Late 40's & early 50's: clinical psychologists Carl Rogers' and Abraham Maslow's theories of motivation supported the human relations movement. Skinner initiated discussions of behaviorism's applications to organizational settings
1954 Peter F. Drucker outlined his Management by Objectives (MBO) approach 1954 John C. Flanigan outlined his Critical Incidents Technique
Late 1950's: Douglas McGregor proposed his Theory X and Theory Y assumptions of the relations between employees and organizations
Early 1960's: contingency models of leadership proposed a need for different styles under different circumstances, a view that rose with work of Fred Fiedler .
1964: Vroom's VIE theory (valence, instrumentality, expectancy) of motivation proposed influential
development of later expectancy theories
Mid 1960's: David McClelland proposed need for achievement theory. Argues there are two groups of people, the majority ( not concerned about achieving) and the minority (challenged by achieving).
Late 1960's: Frederick Herzberg proposed his two-factor theory of motivation (satisfiens/motivators & hygiene factors).
Late 1960's: Edwin Locke outlined his goal setting approach to motivation.
1964 Civil Rights Act passed. Title VII, states: "it is unlawful to discriminate in any employment practice on the basis of race, color, religion, sex, or national origin"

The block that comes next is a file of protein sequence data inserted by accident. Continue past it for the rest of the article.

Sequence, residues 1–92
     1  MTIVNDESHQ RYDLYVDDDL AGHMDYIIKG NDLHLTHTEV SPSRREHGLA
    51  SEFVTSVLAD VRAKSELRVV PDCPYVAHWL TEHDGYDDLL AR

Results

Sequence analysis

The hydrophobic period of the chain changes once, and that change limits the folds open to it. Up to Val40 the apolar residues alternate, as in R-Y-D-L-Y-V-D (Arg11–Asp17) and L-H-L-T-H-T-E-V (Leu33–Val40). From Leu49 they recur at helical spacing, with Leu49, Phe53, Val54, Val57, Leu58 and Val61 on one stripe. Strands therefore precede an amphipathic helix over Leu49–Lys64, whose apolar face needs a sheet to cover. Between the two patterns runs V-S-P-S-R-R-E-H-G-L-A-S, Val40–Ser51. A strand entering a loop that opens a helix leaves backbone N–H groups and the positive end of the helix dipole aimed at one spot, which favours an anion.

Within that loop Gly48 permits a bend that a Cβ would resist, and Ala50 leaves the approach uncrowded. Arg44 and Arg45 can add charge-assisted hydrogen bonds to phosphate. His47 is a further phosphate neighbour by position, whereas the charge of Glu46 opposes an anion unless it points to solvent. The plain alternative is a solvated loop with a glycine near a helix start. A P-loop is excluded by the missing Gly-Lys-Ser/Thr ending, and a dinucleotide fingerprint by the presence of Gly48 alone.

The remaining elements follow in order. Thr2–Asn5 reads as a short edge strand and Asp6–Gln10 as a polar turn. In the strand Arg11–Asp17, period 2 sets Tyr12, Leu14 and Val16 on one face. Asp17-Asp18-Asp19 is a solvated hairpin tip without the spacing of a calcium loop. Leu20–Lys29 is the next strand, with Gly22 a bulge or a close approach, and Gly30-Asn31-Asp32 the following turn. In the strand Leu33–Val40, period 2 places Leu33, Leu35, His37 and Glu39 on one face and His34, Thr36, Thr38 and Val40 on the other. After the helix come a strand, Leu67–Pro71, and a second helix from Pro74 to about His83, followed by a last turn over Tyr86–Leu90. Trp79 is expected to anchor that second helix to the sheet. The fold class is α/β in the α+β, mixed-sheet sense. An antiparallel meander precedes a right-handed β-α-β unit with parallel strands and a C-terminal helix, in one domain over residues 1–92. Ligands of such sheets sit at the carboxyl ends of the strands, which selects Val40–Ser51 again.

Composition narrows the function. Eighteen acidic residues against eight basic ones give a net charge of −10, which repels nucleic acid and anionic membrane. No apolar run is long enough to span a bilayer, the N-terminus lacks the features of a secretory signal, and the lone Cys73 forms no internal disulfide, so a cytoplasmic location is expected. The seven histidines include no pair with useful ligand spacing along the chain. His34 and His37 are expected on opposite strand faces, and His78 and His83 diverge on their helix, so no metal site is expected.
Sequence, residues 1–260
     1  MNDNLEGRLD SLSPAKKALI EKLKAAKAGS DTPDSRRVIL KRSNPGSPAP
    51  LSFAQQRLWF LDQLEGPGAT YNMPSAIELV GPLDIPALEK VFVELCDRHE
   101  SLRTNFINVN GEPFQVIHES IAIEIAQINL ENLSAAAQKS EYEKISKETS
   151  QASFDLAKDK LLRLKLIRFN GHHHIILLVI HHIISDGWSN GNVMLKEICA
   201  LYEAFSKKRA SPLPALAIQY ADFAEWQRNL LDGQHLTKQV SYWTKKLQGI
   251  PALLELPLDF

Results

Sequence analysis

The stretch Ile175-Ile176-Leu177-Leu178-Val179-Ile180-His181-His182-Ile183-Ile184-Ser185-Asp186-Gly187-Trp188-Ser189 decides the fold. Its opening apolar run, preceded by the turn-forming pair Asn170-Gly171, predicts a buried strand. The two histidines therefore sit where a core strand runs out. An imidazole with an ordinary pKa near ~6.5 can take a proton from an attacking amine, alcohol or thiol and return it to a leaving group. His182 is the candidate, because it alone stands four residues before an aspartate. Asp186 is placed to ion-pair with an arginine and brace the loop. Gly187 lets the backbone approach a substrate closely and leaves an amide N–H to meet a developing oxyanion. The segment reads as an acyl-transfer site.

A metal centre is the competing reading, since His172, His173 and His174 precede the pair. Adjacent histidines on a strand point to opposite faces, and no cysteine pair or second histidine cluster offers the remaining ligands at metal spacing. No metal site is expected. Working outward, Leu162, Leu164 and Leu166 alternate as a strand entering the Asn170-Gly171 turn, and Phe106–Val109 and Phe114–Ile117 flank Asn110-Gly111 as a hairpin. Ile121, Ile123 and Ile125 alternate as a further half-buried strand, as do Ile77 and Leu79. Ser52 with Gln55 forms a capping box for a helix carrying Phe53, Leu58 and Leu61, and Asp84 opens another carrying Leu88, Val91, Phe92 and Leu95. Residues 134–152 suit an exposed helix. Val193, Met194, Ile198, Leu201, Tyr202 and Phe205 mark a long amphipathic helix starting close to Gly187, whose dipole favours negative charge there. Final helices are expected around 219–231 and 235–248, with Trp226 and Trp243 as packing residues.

1966: Katz & Kahn published classic text outlining theory and research of organizational behavior as embedded in open, sociotechnical systems.
1960's into early 1970's: advances in job analysis techniques included:
- 'task inventory' approach developed from research with U.S. Air Force
- Dictionary of Occupational Titles published in 1965 (third edition)
- 1960's research at Purdue Occupational Research Center led to publication of the Position Analysis Questionnaire in 1972
- Edwin Fleishman developed 'ability requirements' approach
1971: B.F. Skinner advocated behavior modification strategies to motivate people in organizations. Organizational behavior modification's successes increasingly demonstrated (e.g., in Luthans & Kreitner's (1975) and Frederiksen's (1982) books).
- Rise of cognitive approaches to studying topics in psychology including their influence on a wide range of I/O research.
Early 1970's: Porter & Lawler proposed revised expectancy model of motivation
Early/mid 1970s: Civil rights laws, and related Supreme Court decisions, led to increasing research on bias in organizations
Early 1980's, rigidity of classical management theories produced harsh consequences for businesses during these times of rapid change in technological and business environments.
Mid 1980's: increasing attention to use of quality circles and other participatory management techniques
Late 1980's: renewed interest in organizational climate and groups
Late 1980's: rise of participatory management techniques known by such terms as
Total Quality Management (TQM), Continuous Quality Improvement (CQI).
1986: first ruling by U.S. Supreme Court on subject of sexual harassment
Late 1980's: work stress received increasing attention in I/O research, theory, and practice Balancing work and family lives received increasing attention.
- Organisation and Management of Health Care, April 2002, Version 2.0 , Main Contributor: Katie Enock, Public Health Specialist, Harrow Primary Care Trust www.healthknowledge.org.uk
- Henri Rayol Industrial and General Administration, J.A.Caubrough, trans.(Geneva International Management Institute, 1930)